Last weekend the travelling criminologist went to Clunes! Clunes is an old gold rush town located about 30 minutes from Ballarat. It’s reportedly the first gold rush area in Victoria, Australia. Each year, Clunes turns it main strip into a book festival, where the whole town is covered in books. My type of festival 🙂
What I want to talk about today is how to set up a market or a festival which sells goods, in a way that maximises profits and minimises theft. It’s called the Market Reduction Approach. The Market Reduction Approach involves reducing opportunity – both for theft and then the resale of the items. I’ll be focussing on the theft part today (with pictures). The Clunes Booktown – http://clunesbooktown.com.au started in 2007. It now attracts over 70 traders per year, and has crowds of up to 20,000. Lots of potential for theft and crowding. How do you stop theft or other crowd related activity (i.e. pickpocketing, especially wallets and mobile phones)? One of the answers is spacing. Make sure you give people room to look at items freely, without having to stand close to someone. Shop theft largely occurs due to opportunity – i.e. lack of surveillance (either a shop keeper or CCTV, usually both), an item that’s easy to pickpocket, and a split-second decision to take the item. Clues Booktown did this really well. Wide lanes removed the opportunity for pickpockets, and enabled people to look at the books and maximise the opportunity for sales. If it’s easy to move around in and look at items, people are likely to buy them.
Lots of natural survelliance due to staffing. there were identifiable staff almost at every point required – definitely not their first rodeo! They’ve had 9 years for the festival to grow and get things right. In this area (need to get better at photographing, hah), I counted no less than 6 staff in that section. Staff were also very easy to identify – they all wore red aprons.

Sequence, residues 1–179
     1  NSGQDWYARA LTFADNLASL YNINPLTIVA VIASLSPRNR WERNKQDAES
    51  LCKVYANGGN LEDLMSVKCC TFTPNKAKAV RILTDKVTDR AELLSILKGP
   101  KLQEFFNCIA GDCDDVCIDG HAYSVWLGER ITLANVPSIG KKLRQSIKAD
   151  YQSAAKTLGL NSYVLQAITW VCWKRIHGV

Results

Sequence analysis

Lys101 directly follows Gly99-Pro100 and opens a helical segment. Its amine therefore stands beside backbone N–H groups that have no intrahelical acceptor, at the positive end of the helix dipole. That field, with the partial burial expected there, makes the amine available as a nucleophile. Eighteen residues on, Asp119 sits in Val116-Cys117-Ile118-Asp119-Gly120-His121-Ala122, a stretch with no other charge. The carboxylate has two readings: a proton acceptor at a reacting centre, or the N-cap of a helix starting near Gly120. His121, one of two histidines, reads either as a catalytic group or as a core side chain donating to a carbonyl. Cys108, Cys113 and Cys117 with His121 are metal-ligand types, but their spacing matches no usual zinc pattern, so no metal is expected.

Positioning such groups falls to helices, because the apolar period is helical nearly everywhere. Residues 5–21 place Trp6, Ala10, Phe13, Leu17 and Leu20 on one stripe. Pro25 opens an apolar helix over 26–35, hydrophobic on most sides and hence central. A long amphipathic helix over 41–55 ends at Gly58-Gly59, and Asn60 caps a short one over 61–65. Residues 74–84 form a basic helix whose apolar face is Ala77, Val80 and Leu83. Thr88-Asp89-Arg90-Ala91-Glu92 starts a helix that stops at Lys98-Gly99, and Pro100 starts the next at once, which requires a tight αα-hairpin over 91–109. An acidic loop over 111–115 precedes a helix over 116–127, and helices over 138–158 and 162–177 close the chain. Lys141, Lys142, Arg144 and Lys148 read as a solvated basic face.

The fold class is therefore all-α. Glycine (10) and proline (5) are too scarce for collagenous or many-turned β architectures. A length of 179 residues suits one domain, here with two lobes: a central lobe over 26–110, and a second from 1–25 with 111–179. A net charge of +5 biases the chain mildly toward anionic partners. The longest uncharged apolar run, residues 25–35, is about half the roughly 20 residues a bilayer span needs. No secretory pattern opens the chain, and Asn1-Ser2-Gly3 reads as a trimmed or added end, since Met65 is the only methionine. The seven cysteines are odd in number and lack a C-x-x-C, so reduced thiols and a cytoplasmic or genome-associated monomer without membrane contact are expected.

Clever stall set up – there was lots of spacing, with designated book selling areas, food selling areas and then also a separate section for the kids – with a straw maze. This might sounds quite simple, but it meant that parents could supervise easily, kids could be occupied, things couldn’t be broken, no ability to get hurt, no way you couldn’t see them. The only downside was the possibility of allergies and hay fever. There were also exits near the kids area, so you didn’t have to backtrack back through the festival to exit if you were a family and needed to leave.
Extra toilets to avoid issues, and people trashing cafes in the towns bathroom. This also prevents congestion in places, making it less easy for pickpockets.
There was also a great example of how to prevent people from going down a laneway that was off limits – this large picture was used. As there were lots of staff on, it would be very obvious if someone began to move the picture, or jump over it to get down the laneway.
Staffing. I know I’ve mentioned this a few times this post, but people power is not to be underestimated! Having lots of staff meant that there was lots of natural surveillance, making sure the crowd flowed, there were people to ask for help, and lots of people to assist should anything go wrong.
For more info on the Market Reduction Approach – here is the paper I had to read at Uni! A merry google will also direct you to further papers, a wiki entry and Home Office information. http://webarchive.nationalarchives.gov.uk/20110220105210/rds.homeoffice.gov.uk/rds/pdfs2/hors178.pdf Emma x P.S. The festival ran really well – however it would be interesting to see the town when not in action for the book festival. I would wonder how the town operates when events aren’t on now that the goldrush is over – a lot of stores appeared to only be used for the festival. Follow up blog post required!